Home Cooking

Why I won't bother brining again...(longish rant)


Home Cooking

Why I won't bother brining again...(longish rant)

Carb Lover | | Nov 27, 2004 01:28 PM

Well, after several yrs. of hearing much about the virtues of brining and being particularly swayed by hounds this year, I decided to give the brine method a whirl. I would rate last yr's turkey as an 8.5/10, and this year I wanted to get as close to that 10 as possible. My mission was to achieve a moist and flavorful bird that wasn't too salty, to use pan drippings for gravy, and to have a super crispy skin.

Quick run-down on my brining method: 18-lb. fresh turkey; brined in a cooler in fridge for about 24 hrs. in solution of 1.75 c. kosher salt, 1 c. sugar, and 2.5 c. water (a la SF Chronicle guide) w/ few aromatics; rinsed off very well; left uncovered in fridge (w/ plastic wrap covering the cavity) for about 12 hrs. to dry.

Cooking method: rubbed mixture of butter and fresh herbs under the skin; peppered inside and out; put few aromatics in cavity. Cooked it as usual--breast side up the whole time; 400 deg. for 1st 30 min.; 325 deg. til thigh registered 160 (about 3.5 hrs.); loose foil tent for about 20 min.; rest for 30 min. When carved, all parts were done.

Bird was nicely bronzed and skin was super crispy; HOWEVER, the flavor and texture were not as good as last year (no brining and a frozen Safeway bird). I was really surprised--was expecting it to be at least just as good as last year's. Thought the bird could even stand to be a tad more salty; gravy w/ drippings was lovely after I added more salt.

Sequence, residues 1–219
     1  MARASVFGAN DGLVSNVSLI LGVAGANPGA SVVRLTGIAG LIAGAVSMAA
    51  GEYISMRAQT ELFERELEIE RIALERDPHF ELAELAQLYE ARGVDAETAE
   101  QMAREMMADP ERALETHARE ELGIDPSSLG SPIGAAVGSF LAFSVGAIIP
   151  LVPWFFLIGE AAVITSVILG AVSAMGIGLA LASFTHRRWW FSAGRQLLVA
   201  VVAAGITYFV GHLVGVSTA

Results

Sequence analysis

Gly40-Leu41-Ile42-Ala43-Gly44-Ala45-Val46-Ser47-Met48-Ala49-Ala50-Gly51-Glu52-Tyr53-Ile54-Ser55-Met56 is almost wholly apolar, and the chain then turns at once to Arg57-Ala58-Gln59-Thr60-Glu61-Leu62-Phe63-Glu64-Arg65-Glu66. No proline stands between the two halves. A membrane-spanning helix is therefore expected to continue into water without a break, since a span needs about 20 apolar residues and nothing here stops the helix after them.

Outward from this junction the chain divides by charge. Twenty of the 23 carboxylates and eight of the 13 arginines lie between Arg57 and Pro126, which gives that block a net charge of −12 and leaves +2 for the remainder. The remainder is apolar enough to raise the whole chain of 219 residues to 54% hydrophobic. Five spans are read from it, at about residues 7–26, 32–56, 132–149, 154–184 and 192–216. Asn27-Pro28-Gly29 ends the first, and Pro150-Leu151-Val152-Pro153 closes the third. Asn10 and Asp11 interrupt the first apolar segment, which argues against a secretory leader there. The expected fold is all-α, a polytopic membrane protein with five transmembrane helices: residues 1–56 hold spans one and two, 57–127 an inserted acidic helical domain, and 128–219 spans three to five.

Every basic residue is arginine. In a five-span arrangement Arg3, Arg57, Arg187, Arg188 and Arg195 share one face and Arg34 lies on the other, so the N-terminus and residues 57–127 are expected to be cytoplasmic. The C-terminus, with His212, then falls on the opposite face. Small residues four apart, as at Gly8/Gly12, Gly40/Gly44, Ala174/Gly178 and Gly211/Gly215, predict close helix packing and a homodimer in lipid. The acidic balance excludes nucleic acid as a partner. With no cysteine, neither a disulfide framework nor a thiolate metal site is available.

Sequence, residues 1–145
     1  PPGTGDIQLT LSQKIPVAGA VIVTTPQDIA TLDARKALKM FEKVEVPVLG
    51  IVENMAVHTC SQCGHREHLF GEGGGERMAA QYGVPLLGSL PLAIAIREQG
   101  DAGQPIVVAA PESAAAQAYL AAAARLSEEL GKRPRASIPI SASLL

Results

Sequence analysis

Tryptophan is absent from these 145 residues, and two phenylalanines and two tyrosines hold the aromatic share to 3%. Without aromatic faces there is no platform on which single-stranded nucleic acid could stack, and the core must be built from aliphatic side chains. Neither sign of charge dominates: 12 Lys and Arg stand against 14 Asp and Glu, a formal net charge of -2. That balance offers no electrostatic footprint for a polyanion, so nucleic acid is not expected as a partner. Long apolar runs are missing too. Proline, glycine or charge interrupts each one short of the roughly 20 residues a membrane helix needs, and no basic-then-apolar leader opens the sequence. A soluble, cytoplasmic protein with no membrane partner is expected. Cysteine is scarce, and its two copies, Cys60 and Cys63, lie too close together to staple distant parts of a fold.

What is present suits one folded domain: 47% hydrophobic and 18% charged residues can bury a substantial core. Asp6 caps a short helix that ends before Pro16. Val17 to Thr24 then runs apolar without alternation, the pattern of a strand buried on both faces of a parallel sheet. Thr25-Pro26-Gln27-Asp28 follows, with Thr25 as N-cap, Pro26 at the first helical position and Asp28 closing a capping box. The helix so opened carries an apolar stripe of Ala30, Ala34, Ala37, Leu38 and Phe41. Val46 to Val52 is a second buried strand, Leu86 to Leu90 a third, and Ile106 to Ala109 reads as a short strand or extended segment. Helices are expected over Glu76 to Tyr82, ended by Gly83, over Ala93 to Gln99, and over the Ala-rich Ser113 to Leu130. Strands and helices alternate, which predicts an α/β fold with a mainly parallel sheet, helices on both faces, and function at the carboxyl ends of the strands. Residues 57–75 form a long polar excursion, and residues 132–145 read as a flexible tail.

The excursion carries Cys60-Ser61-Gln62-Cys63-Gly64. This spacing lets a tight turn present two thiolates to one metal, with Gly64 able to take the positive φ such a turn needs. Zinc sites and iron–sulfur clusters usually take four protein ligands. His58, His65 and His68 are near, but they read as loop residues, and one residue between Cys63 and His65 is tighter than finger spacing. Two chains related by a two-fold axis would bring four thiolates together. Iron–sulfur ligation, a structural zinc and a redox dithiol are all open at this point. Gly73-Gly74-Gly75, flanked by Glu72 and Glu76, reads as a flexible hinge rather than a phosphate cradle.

My main beef w/ this whole brining thing: I HAVE NO IDEA HOW MUCH SALT WAS ABSORBED AND HAVE NO WAY TO TEST WHETHER IT NEEDS MORE SALT BEFORE ROASTING. As an avid cook who relies on knowing exactly how much salt goes into my food (and usually being able to taste along the way), this drives me crazy!! I much prefer my old-fashioned method of directly salting onto the skin and inside the cavity--that way, I know EXACTLY how much salt is on the bird. I actually like the "bite" of salt on the skin and inside, as opposed to having a subtle (if not passive) flavor infused throughout the meat.

Well, who knows, maybe I did something wrong. If someone sees a misstep that could have wrongfully turned me off from brining forever, then please enlighten me. Otherwise, it's back to a frozen, unbrined bird next year! Less hassle and much cheaper.

Back to top